Sabah Travel Guide
The northern tip of Sabah © CEphoto, Uwe Aranas
Evocatively named, 'Land below the Wind', Sabah is situated at the northeast corner of Borneo, below the typhoon belt in East Malaysia. Most visitors to Sabah are lured by the natural splendour of the state and the unique experience of its national parks. The rugged landscape is perfect for outdoor enthusiasts, with some of the highest mountains in Malaysia to climb, and one of the richest and least spoilt underwater ecosystems in the world to dive in. Other extreme sports like paragliding and skydiving are adding to Sabah's growing reputation as an adventure destination.
Its spectacular environment includes one of the oldest rainforests in the world, and the highest mountain peak in Southeast Asia, Mt Kinabalu, stands at 13,500 feet (4,101m) within Kinabalu Park. The park is the most visited of the region's reserves and has been declared a UNESCO World Heritage Site in recognition of its incredible bio-diversity. A popular trek is the two-day summit trail. Sabah's diversity extends to the indigenous people of the area: 31 different groups speaking more than 50 indigenous languages. These ethnic differences form a rich culture of music, dance and handicrafts that are unique to the region.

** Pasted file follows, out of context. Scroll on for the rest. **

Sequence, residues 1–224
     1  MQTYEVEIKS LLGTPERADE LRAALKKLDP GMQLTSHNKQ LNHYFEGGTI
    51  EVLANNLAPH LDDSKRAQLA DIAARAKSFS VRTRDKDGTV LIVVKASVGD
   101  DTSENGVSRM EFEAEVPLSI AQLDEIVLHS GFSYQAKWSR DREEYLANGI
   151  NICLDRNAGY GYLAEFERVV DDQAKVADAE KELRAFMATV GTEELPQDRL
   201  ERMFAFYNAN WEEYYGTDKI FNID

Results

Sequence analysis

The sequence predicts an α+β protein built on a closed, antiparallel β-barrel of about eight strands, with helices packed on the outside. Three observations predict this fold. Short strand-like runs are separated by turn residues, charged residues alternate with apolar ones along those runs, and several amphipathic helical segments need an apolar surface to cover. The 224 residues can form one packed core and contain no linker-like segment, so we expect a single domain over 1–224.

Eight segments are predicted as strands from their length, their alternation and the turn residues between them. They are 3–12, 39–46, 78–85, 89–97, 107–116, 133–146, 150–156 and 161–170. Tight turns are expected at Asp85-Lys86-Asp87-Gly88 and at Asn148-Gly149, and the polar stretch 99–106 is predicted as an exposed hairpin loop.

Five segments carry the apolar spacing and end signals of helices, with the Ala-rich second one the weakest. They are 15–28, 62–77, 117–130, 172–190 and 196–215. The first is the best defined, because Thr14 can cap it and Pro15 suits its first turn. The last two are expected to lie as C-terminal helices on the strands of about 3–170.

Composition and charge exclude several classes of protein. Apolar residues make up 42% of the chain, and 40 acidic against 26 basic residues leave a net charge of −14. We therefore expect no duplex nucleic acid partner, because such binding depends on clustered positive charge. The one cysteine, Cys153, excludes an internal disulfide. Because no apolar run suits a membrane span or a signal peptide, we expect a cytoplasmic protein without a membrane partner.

Sabah is an expensive travel destination with the only real 'budget' accommodation located in Kinabalu National Park and at Poring Hot Springs. Direct flights to Sabah are routed to the capital, Kota Kinabalu. Sabah is losing ground in tourism as ongoing conflict and violence against foreigners keeps many away. It is important for travellers to check travel warnings before visiting Sabah.
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